Choices. That’s what we need to always promote. There’s no “wrong” type of game. People who mock so-called “walking simulators” like Gone Home are no better than those who criticize violent games. Live and let live. Many of us enjoy all sorts of games, from weird JRPGs like the Persona series to walking simulators like Firewatch to the latest Call of Duty. The sheer breadth of games I play in a year is crazy, from strategy titles to mobile time-wasters to hardcore action-RPGs, to racing games and fighting games and quirky indie titles. I love that there’s all this variety. It exists even with the “male power fantasy” intact (perhaps because the “male power fantasy” is so often not even true to begin with.)
So no, we don’t need to replace old power fantasies with new ones. We need to celebrate the myriad choices available to gamers today. We need to encourage people from all walks of life, all races and religions, men and women, girls and boys, to make games or movies or art. The more the merrier! We need to stop telling people to be afraid, to cast labels onto all things like bad spells, to box ourselves off into groups or fandoms, little terrible tribes. Remember, there’s no accounting for taste. Some people won’t ever let go of their FPS; others will only ever play Candy Crush Saga.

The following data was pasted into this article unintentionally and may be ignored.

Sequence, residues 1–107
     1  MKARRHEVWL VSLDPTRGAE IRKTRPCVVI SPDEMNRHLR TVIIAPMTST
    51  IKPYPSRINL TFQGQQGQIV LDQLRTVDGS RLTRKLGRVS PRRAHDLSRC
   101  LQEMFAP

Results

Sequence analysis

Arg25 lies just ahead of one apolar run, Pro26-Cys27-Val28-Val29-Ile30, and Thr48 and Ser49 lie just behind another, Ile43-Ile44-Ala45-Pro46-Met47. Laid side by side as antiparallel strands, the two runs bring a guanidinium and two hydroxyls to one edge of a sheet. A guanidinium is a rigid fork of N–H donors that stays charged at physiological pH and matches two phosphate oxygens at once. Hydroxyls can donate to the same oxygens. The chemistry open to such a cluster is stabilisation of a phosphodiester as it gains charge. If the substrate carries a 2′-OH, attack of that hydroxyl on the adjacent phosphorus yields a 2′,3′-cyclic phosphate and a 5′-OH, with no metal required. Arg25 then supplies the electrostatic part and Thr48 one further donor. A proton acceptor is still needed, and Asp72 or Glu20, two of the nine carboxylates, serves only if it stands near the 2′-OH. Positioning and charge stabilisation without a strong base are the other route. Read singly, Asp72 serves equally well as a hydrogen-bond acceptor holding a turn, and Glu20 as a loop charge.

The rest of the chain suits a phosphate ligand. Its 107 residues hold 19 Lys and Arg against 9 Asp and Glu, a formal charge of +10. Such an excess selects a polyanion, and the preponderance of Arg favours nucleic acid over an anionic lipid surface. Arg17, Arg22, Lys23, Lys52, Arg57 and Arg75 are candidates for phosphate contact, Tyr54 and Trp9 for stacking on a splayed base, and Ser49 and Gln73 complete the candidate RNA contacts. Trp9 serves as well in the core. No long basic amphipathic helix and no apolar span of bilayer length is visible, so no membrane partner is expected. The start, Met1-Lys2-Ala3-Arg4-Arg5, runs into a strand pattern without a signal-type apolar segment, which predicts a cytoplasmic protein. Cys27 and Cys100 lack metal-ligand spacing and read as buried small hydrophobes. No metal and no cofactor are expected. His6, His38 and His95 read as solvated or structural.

It’s all good. It’s all okay. And it’s all getting better.
Leigh Alexander thinks that there’s something wrong with us. I don’t know. I’m sure there is. I’m also pretty sure it doesn’t have much to do with video games.